By The Source
Zimbabwe’s high levels of corruption threaten to break the fragile economy, the chairperson of the Zimbabwe Revenue Authority (Zimra) has said, amid revelations that whistleblowers averted the potential loss of $23 million this year alone in graft dealings by the revenue agency’s officials.
In a rare admission by a high-ranking official of a state body, Zimra chairperson Willia Bonyongwe said a forensic audit into the tax collection agency had unearthed endemic corruption.
She added that this reflected unsustainably high levels of graft across the economy.
“Often it has been said the economy is resilient but I contend that it can no longer withstand the current levels of corruption,” said Bonyongwe in her revenue report for the third quarter of the year to September.
The southern African country is losing at least $1 billion annually to the vice, with public officials, police and local government officials among the worst offenders, according to a recent report by watchdog Transparency International.
Zimbabwe has also fared dismally in a major global corruption index, and ranked at 150 out of 168 countries, according to results of a survey published by TI early this year.
Bonyongwe said anti-corruption hotlines, which Zimra introduced in May this year, have been useful in exposing graft within its ranks and the agency plans to report publicly on the cases received.
“The anti-corruption hotline has been a source of valuable information and it unearthed several cases of corruption that yielded potential revenue of more than $23 million,” said Bonyongwe.
A forensic audit of the agency by HLB Zimbabwe Chartered Accountants contains various adverse and material observations, she added.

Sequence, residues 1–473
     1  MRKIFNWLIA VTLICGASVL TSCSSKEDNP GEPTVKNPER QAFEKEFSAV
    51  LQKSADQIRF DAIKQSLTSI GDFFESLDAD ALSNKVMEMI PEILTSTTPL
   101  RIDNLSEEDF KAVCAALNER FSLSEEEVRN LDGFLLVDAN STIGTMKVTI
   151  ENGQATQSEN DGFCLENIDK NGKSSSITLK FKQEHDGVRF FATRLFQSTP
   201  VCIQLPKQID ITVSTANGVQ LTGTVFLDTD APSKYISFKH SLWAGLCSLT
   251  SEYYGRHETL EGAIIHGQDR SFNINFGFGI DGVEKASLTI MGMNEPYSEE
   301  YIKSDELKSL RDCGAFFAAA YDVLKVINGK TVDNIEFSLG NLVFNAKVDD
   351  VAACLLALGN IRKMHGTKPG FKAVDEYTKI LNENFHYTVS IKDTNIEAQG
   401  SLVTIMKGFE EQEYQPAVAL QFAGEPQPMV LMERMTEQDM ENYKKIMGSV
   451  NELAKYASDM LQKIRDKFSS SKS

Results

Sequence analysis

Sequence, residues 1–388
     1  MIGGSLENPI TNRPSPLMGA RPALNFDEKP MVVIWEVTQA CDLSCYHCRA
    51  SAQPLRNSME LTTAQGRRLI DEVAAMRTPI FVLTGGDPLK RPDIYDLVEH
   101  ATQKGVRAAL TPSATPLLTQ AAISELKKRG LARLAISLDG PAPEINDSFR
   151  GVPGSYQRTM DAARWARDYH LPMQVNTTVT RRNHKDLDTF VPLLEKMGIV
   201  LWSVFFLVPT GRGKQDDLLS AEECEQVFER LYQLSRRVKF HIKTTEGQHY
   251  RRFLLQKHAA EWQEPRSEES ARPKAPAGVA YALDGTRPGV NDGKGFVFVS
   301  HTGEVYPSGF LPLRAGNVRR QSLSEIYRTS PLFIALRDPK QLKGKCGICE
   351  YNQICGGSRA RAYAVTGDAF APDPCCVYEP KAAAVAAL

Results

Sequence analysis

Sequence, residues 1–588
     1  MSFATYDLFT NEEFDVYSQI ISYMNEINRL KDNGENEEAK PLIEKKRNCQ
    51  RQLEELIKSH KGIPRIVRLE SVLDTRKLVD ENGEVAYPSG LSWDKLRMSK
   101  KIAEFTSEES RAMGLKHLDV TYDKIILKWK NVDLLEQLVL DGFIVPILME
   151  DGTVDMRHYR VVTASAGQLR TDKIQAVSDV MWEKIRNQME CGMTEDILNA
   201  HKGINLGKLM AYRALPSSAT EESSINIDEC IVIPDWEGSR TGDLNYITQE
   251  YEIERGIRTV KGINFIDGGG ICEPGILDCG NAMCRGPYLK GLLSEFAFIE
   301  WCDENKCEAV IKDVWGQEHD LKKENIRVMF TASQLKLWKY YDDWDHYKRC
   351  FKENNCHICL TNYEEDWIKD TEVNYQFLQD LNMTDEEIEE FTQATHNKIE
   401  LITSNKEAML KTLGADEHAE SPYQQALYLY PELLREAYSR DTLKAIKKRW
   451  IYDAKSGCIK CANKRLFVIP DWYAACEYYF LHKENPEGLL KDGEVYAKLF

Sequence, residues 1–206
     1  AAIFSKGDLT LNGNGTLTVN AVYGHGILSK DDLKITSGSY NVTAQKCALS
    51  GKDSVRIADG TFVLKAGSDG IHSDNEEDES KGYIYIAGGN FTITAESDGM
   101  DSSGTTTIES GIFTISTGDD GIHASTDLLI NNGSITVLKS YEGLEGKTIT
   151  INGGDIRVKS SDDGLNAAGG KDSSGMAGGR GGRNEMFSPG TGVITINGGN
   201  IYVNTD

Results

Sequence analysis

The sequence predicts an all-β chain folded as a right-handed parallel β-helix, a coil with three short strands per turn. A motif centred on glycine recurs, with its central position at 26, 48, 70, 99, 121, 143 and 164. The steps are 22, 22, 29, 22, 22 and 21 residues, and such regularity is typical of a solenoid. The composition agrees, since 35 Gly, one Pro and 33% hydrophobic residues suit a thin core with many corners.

These include corrupt practices, abuse of office and fraud and theft by some Zimra executives, violations of the Zimbabwe Revenue Act, as well as the Customs and Excise Act and the Procurement Ac.
The agency also had poor corporate governance practices and weak internal control systems; systemic violation of procurement procedures and abuse of the whistle blower facility, among others.
“The Board has studied the report and has deliberated on it. Appropriate measures in accordance with the Zimbabwe Revenue Act, the Zimra Code of Conduct, the Labour Laws of Zimbabwe and the Criminal Code will be taken in the coming weeks following proper due process,” said Bonyongwe.
She said many who have cut deals with Zimra officers have had to pay the original amounts plus penalties and interest.
“We have also dismissed a number of officers on account of corruption. It is a painful experience when the system catches up with perpetrators of corruption,” she said.
In May, the Zimra board suspended commissioner general Gershem Pasi and five senior directors over alleged improprieties in vehicle importation by some officials.